The Jesuit Refugee Service (JRS) Ireland has called on the Irish Government to honour the promise of fundamental reform, set out in the Terms of Reference of the Working Group on the Protection Process, by fully implementing the Working Group’s recommendation as soon as possible.
Speaking at the launch of the report, Mr. Eugene Quinn, Working Group member and JRS Ireland National Director said:
“The report of the Working Group will not serve its purpose to improve the protection process or to enable asylum seekers to live with greater dignity if it is not fully implemented. JRS Ireland is calling on the Irish Government to put in place an implementation plan and timeframe as soon as possible.”
The extensive consultation process undertaken by the Working Group highlighted that the biggest single issue facing asylum seekers is the length of time spent in the system. The introduction of a Single Procedure will not address the situation of the 55% of protection applicants who are more than five years in the system since their initial application. Eugene Quinn who was appointed to the Working Group on the Protection Process and acted as rapporteur of the sub-group considering improvements to the determination process urged:
“Thousands of men, women and children have been ‘living in limbo’ with their lives on hold in the asylum system for too long. The long stayer solution recommended for persons more than five years in the system must be prioritised and delivered quickly to end their long wait.”
The Working Group estimates that 3,350 people will benefit from the long stayer solution, 1,500 of whom reside in Direct Provision.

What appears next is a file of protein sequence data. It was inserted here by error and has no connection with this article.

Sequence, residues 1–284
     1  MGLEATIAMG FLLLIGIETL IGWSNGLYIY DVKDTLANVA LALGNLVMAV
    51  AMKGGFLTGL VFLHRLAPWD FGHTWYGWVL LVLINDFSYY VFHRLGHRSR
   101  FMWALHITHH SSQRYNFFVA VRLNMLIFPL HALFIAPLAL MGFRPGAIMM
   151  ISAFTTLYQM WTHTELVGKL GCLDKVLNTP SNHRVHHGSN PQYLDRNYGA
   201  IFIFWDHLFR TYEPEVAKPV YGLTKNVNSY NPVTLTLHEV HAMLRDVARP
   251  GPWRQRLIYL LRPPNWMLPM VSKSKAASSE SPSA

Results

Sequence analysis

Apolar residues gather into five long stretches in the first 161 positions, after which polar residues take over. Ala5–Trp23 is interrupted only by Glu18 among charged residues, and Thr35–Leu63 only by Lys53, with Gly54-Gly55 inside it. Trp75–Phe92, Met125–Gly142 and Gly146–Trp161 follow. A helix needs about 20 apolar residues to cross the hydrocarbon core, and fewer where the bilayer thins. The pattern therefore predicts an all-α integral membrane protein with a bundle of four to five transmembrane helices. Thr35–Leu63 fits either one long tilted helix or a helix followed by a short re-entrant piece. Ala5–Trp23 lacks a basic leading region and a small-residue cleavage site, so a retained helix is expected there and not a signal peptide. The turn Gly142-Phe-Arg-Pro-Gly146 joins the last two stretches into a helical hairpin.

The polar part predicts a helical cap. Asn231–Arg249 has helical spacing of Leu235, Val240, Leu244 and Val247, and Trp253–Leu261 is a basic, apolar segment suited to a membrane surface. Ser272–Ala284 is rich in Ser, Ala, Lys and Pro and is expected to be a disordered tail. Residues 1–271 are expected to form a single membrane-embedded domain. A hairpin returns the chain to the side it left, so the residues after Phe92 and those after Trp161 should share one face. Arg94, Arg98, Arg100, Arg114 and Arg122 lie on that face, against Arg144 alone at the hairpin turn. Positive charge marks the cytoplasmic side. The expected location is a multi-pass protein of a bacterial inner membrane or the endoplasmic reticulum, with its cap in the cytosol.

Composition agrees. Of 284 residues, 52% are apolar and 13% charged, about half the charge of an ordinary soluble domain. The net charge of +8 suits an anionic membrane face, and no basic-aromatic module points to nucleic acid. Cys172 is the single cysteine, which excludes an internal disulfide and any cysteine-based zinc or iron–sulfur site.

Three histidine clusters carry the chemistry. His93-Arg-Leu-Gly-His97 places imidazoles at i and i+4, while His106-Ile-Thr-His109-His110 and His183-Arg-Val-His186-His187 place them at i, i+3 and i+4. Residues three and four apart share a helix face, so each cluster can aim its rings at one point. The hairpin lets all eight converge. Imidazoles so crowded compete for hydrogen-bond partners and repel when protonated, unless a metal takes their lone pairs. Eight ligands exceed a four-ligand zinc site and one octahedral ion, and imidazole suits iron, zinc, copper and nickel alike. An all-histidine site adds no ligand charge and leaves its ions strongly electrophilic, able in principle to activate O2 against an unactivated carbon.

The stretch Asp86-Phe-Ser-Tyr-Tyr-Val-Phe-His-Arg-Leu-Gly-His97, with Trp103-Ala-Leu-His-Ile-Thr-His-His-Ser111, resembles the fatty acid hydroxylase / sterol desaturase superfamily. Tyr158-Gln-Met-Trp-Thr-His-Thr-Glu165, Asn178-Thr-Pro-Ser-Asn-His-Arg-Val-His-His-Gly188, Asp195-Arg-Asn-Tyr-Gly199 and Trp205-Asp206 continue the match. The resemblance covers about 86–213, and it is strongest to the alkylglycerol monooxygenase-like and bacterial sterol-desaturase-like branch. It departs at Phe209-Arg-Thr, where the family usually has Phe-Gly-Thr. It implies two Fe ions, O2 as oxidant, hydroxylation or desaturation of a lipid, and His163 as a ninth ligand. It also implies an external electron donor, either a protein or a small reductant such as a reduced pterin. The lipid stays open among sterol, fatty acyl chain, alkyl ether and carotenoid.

According to JRS Ireland it is imperative that the International Protection Bill is passed as soon as possible. The introduction of a Singe Procedure and other improvements to the protection process, recommended by the Working Group, will yield efficiencies and eliminate delays in the future if adequately resourced. Eugene Quinn highlighted:
“It is clear that a failure to adequately resource decision making bodies will lead to new backlogs and delays and will result in incurring the much higher costs of accommodating applicants.”
Among other key recommendations made by the Working Group include a right to work when a Single Procedure is in place, increased private living space and communal catering, greater access to third level education for school leavers and the first increase in the Direct Provision Allowance since 2000.
Eugene Quinn concluded, “The Working Group Report provides an opportunity for fundamental and long overdue reform of the protection process and the Direct Provision system through a wide range and comprehensive set of recommendations. The process of agreeing recommendations by consensus ensures there are no legal or operational barriers to implementation. All that is required is the political will to act.”